Joshua Porter (@bokardo)
Doug Bowman is the lead designer at Twitter. A few years ago Doug wrote a blog post about leaving Google, where he was hired three-years prior. He was really the first real designer hired at Google. There are very few hires like that who get so much press and people talking about it. Doug’s post was a post that he was leaving Google, and usually when you write these sorts of posts they follow the same type of formula: this is my last day, I’m sorry about leaving, and my co-workers are great. However, Doug’s post was nothing like that at all: “Unfortunately for me, there was one small problem I didn’t see back then.” And that’s the problem we’ll talk about in this session: 41 shades between each blue (the best they found was HEX #2200C1) to see which one performed better, and an argument over the width of a border (1, 2, 3px). Bing was/is using a different HEX color, which their UX Manager estimated being a loss of $80 million dollars. The data testing culture becomes a crutch for every decision, paralyzing the company and preventing it from making any daring design decision.
Spectrum of Design
- Follow other people’s practices
- Trust your gut
- Everything is tested by small numbers, and small variables
- This process is very slow
- You rely on data for decision making
- You don’t trust your gut
Imagine that Your Design is a Mountain
Your existing design is on the side of a little mountain. With an engineer’s approach you can only get to the top of that little mountain. An engineer quickly gets to a diminishing return as they can only go so high with the current design approach. It’s really dissapointingÂ because you’ll eventually hit a ceiling where you cannot go any higher, known as a “Loci Maxima” in calculus.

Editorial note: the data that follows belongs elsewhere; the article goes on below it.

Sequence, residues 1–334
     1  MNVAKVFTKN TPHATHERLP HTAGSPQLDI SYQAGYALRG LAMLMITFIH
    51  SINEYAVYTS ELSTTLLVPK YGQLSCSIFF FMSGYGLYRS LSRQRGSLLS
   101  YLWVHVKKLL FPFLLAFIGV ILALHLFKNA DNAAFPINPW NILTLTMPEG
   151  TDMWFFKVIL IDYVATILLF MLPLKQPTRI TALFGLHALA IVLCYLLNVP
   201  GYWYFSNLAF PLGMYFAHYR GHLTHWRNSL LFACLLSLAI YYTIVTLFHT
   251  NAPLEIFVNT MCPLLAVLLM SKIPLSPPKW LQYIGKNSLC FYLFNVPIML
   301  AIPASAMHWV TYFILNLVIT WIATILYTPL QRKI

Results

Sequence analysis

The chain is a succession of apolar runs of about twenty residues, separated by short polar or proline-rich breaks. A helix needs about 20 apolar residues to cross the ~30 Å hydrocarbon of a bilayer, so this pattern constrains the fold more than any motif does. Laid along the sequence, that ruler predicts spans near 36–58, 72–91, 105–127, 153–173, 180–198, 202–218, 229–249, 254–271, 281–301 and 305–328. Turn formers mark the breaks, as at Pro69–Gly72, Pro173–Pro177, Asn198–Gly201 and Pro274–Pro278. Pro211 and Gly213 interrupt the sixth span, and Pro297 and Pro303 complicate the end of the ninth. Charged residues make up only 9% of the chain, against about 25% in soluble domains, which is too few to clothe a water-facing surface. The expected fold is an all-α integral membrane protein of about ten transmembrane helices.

Our goal is to be at the top of the largest mountain where our goal is the best (or even just a better) design.
- Optimization asks: What works best in the current model?
- Design innovation asks: What is the best possible model?
What are Metrics?
Metrics are simple numbers that measure the effectiveness of your business.
- Metrics reduce (but don’t take away all) arguments based on opinion.
- Metrics give you answers about what really works. They can also lead you down a rabbit hole, but if you do testing and you have valid data they can give you answers about what really works.
- Metrics show you where you’re strong as a designer. They also show you where you’re weak as one.
- Metrics allow you to test anything you want. Metrics actually empower you to try anything, where as before you’d have to sell someone on a crazy idea.
- Clients love metrics.
Principle: Your metrics will be as unique as your business.
Vanity Metrics are thing such as old-school graphical hit-counters, which you shouldn’t rely on.
The Usage Lifecycle
- Trial/beta User
- Passionate Customer
- How much did it cost to gain your customer? (Cost per Acquisition, CPA)
- If your CPA is higher than their life-time earnings, then it’s not worth it.
- Comparative Metrics: knowing where users came from, and their cost and outcome based on those.
- The best acquisition outcome is still from Email Lists.
- Page views
- Unique Visitors
- Returning Visitors
- Registered Users
- Time on Site
- Daily Active Users
Cohort Analysis: Engagement over time. For instance, the number of customers remaining after every month from sign-up. This is very valuable.
Net Promoter Score: How likely is it that you would recommend our company to a friend or colleague? (ligart 1-10. 1-6 is “Detractors”, 7-8 is Passives, and 9-10 is Promotes).
Mint.com: “Maybe we didn’t have a high viral coefficient score, but we had a great satisfaction metrics.”
Having friends inspires continuous use.
“Find the people you know” is a good example of this.